For most fleets, weekly inspections may be more realistic. “If you wait longer, you’re risking a costly item,” says Continental’s Decker. “It could be anything from a weakened sidewall to irregular tire wear to damage to the leads, if the load is heavy. You can save a lot of money by catching problems before they cause damage.” Many factors could shorten overall life and make a tire less a candidate for retread, he concluded.
Tests have shown drivers can be very effective in visually determining bulges, cuts, or scraps by kicking or thumping a tire with a tire thumper. Tire experts recommend having maintenance people do the checks.
Proper Rotation. A tire’s wear tendencies are determined, in part, by its position on the vehicle. Front or steer tires have a tendency to wear on the shoulders, for example, while drive tires are more prone to wear in the center. Typically, rear tires will wear more quickly than the fronts because of their tendency to get scrubbed.
While the benefits of proper rotation are obvious, a fleet must consider how to rotate its tires and determine the optimum rotation times required to keep the tire healthy without adding unnecessary cost. Decker says, “At a commercial level, every time the fleet touches a tire — whether using a dealership with a service truck or hiring its own technicians — cost is added.”
Most fleets aren’t inclined to bring a truck in just to rotate tires. They typically try to time rotations with service intervals, when brakes and other mechanical are checked.
“The first two rotations,” says Bridgestone Firestone’s Vande Water, “are really the most important because that’s when the tire is trying to set up its wear pattern. When the tire is new, you have this really tall tread depth and after it’s shortened up a bit, it becomes a little more stable and is not as susceptible to that wear pattern.”
Longevity is heightened with subsequent rotations, “but the first two really give you the most bang for the buck,” Vande Water concludes.
Aligning for the Application. It’s natural to assume a standard alignment setup works for all conditions, and very often operators are inclined to align the wheels to the center of the tolerances.
However, a standard alignment may not be necessarily accurate. Very often, medium-duty trucks, such as trash haulers, which have a very tight turning radii and are constantly turning to the right, require their scrub set at a higher level.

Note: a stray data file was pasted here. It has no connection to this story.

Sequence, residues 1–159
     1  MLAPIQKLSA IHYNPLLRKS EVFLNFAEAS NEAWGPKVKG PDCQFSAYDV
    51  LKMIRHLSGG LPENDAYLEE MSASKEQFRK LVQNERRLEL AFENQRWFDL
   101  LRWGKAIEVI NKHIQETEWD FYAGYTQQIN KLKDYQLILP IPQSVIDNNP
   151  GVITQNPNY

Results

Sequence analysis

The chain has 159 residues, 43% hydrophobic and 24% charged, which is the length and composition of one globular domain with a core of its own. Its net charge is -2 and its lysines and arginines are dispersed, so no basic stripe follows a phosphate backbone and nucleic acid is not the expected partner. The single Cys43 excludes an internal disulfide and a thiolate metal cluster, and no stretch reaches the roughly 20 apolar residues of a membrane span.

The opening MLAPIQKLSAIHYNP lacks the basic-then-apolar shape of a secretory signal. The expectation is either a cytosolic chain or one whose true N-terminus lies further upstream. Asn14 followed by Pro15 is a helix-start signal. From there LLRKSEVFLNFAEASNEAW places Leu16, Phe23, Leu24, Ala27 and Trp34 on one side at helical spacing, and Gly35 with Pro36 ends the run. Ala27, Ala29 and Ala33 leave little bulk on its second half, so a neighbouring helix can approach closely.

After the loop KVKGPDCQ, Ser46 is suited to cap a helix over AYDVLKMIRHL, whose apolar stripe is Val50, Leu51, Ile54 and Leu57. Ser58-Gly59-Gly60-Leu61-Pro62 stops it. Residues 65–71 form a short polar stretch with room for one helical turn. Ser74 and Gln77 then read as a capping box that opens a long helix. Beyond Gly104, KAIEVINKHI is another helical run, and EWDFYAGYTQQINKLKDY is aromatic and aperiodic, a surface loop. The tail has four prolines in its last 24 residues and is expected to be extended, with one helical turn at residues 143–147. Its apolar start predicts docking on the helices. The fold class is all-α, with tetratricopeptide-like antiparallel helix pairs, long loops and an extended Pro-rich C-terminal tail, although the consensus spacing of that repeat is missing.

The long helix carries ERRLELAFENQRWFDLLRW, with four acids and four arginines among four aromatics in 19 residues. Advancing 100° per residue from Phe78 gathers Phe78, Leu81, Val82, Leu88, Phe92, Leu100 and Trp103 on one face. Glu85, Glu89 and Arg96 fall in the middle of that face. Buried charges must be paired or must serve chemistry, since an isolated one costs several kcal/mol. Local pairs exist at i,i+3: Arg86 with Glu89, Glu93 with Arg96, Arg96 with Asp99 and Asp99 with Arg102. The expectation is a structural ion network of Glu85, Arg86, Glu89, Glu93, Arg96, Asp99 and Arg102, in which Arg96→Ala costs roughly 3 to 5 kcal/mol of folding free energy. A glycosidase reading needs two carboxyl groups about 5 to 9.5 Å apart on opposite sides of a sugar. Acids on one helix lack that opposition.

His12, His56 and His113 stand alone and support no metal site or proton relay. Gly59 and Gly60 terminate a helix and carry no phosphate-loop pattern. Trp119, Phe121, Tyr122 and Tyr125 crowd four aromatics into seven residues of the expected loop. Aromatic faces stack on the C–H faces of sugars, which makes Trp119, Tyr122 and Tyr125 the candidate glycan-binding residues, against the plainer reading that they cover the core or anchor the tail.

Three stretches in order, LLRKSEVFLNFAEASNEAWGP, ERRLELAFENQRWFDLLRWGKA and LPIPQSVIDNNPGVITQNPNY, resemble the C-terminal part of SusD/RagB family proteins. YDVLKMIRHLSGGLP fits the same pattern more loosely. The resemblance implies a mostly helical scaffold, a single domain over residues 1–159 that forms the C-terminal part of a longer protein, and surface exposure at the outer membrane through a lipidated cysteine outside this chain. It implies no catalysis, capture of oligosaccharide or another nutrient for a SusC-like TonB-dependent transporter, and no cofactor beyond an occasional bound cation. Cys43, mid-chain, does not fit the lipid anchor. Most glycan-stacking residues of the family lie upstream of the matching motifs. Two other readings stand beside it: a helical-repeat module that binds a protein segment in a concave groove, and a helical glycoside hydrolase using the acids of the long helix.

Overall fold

“You need to align the truck to best it your application,” says Decker. You want to monitor the tires for toein/toe-out, even though the necessary corrections may take you to one side of the tolerance.”
Adds Goodyear’s Miller, “Most people will check the steer axle (frontend toe-in, and caster and axle alignment), but you don’t want to overlook the drive axle alignment. If the drive axle is misaligned, the truck wants to go straight down the road, but you’ll end up dog-tracking and wear out the front tires more quickly.”
Some tires have a visual alignment indicator in the 5/32s of the tread, for example, with special sights to identify whether they wear faster on one side or the other, alerting operators to specific toe-in concerns.
Proper Balance. Assuming the wheel weights have been properly attached and the tire properly balanced and mounted, rarely do tires become out of balance after being mounted on the vehicle.
The exception might be if the lead weights were affected in some manner, causing them to slip on the tire rims.
Still, says Miller, “it’s not a bad idea at some point, halfway through a steer tire’s life, to take it off and do a rebalance.”
INSIDE DUALS OFTEN NEGLECTED
Tire experts also point out that, when it comes to maintenance, inside tires on dual assemblies are often neglected because checking inflation is not easy.
“You have to be very careful to check for any significant differentiation that may show up in dual tires,” Decker says.
KEEPING TIRES CLEAN
Tires also frequently pick up chemicals, mud, and debris that cause the rubber to deteriorate. Experts recommend washing the tires while the vehicle is washed. Here again, special care should be taken to include the inside dual tires, which are commonly ignored.
AGGRESSIVE DRIVING COSTLY
Aggressive driving, including sudden stops and starts, produces excessive wear not only on tires, but also on other truck components. It shows up on tires as flat spots and/or locked-up brakes. At the end of the day, such driving behavior can cut into profits in many ways. Attempts to deliver more goods and deliver them faster actually result in a more expensive way to run a business.
KEEPING TABS ON COSTS
A good tire maintenance program should also include calculating tire cost-per-mile, keeping good records, and doing a scrap tire analysis, if necessary.
“Management should have some way of examining every tire that comes out of service and knowing why it’s out of service,” says Jones. “They need to keep records to make sure they’re getting their money’s worth out of the tires. If they’ve bought the wrong tire for the application or are doing something that shortens tire life, they need to know what it is,” he concludes.
BUILDING RELATIONSHIPS PAYS OFF
Good relationships with tire manufacturer representatives or dealers can be highly beneficial procuring and maximizing tire investments.
“I’ve seen many fleets jump from manufacturer to manufacturer, dealer to dealer, and buy on price alone without actually saving money,” says Decker.
“Every reputable manufacturer has a customer service department, and contrary to popular belief, that service department really wants to help. It’s in the manufacturer’s best interest to help customers because so much of this business depends on repeat purchases,” Decker concludes.